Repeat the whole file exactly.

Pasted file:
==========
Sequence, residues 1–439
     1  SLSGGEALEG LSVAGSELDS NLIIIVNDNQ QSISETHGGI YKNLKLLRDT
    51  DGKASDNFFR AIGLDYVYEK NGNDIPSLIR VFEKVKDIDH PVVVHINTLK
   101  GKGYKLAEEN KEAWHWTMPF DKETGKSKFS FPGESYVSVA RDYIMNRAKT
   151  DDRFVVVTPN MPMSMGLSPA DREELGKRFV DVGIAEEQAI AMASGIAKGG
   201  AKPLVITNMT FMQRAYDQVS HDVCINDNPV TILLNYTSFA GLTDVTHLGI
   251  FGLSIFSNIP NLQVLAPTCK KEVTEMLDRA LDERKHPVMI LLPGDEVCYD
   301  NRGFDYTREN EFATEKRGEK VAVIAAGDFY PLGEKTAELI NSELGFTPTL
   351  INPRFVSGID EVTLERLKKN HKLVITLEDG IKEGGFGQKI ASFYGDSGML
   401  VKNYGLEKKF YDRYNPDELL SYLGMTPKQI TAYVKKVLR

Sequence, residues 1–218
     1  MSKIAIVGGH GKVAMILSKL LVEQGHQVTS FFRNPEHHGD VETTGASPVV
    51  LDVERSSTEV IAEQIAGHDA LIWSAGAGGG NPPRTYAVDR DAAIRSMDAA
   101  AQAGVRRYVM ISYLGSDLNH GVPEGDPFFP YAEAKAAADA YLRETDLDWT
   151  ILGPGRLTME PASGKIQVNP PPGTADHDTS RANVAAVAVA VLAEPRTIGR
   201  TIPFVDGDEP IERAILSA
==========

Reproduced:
Sequence, residues 1–439
     1  SLSGGEALEG LSVAGSELDS NLIIIVNDNQ QSISETHGGI YKNLKLLRDT
    51  DGKASDNFFR AIGLDYVYEK NGNDIPSLIR VFEKVKDIDH PVVVHINTLK
   101  GKGYKLAEEN KEAWHWTMPF DKETGKSKFS FPGESYVSVA RDYIMNRAKT
   151  DDRFVVVTPN MPMSMGLSPA DREELGKRFV DVGIAEEQAI AMASGIAKGG
   201  AKPLVITNMT FMQRAYDQVS HDVCINDNPV TILLNYTSFA GLTDVTHLGI
   251  FGLSIFSNIP NLQVLAPTCK KEVTEMLDRA LDERKHPVMI LLPGDEVCYD
   301  NRGFDYTREN EFATEKRGEK VAVIAAGDFY PLGEKTAELI NSELGFTPTL
   351  INPRFVSGID EVTLERLKKN HKLVITLEDG IKEGGFGQKI ASFYGDSGML
   401  VKNYGLEKKF YDRYNPDELL SYLGMTPKQI TAYVKKVLR

Sequence, residues 1–218
     1  MSKIAIVGGH GKVAMILSKL LVEQGHQVTS FFRNPEHHGD VETTGASPVV
    51  LDVERSSTEV IAEQIAGHDA LIWSAGAGGG NPPRTYAVDR DAAIRSMDAA
   101  AQAGVRRYVM ISYLGSDLNH GVPEGDPFFP YAEAKAAADA YLRETDLDWT
   151  ILGPGRLTME PASGKIQVNP PPGTADHDTS RANVAAVAVA VLAEPRTIGR
   201  TIPFVDGDEP IERAILSA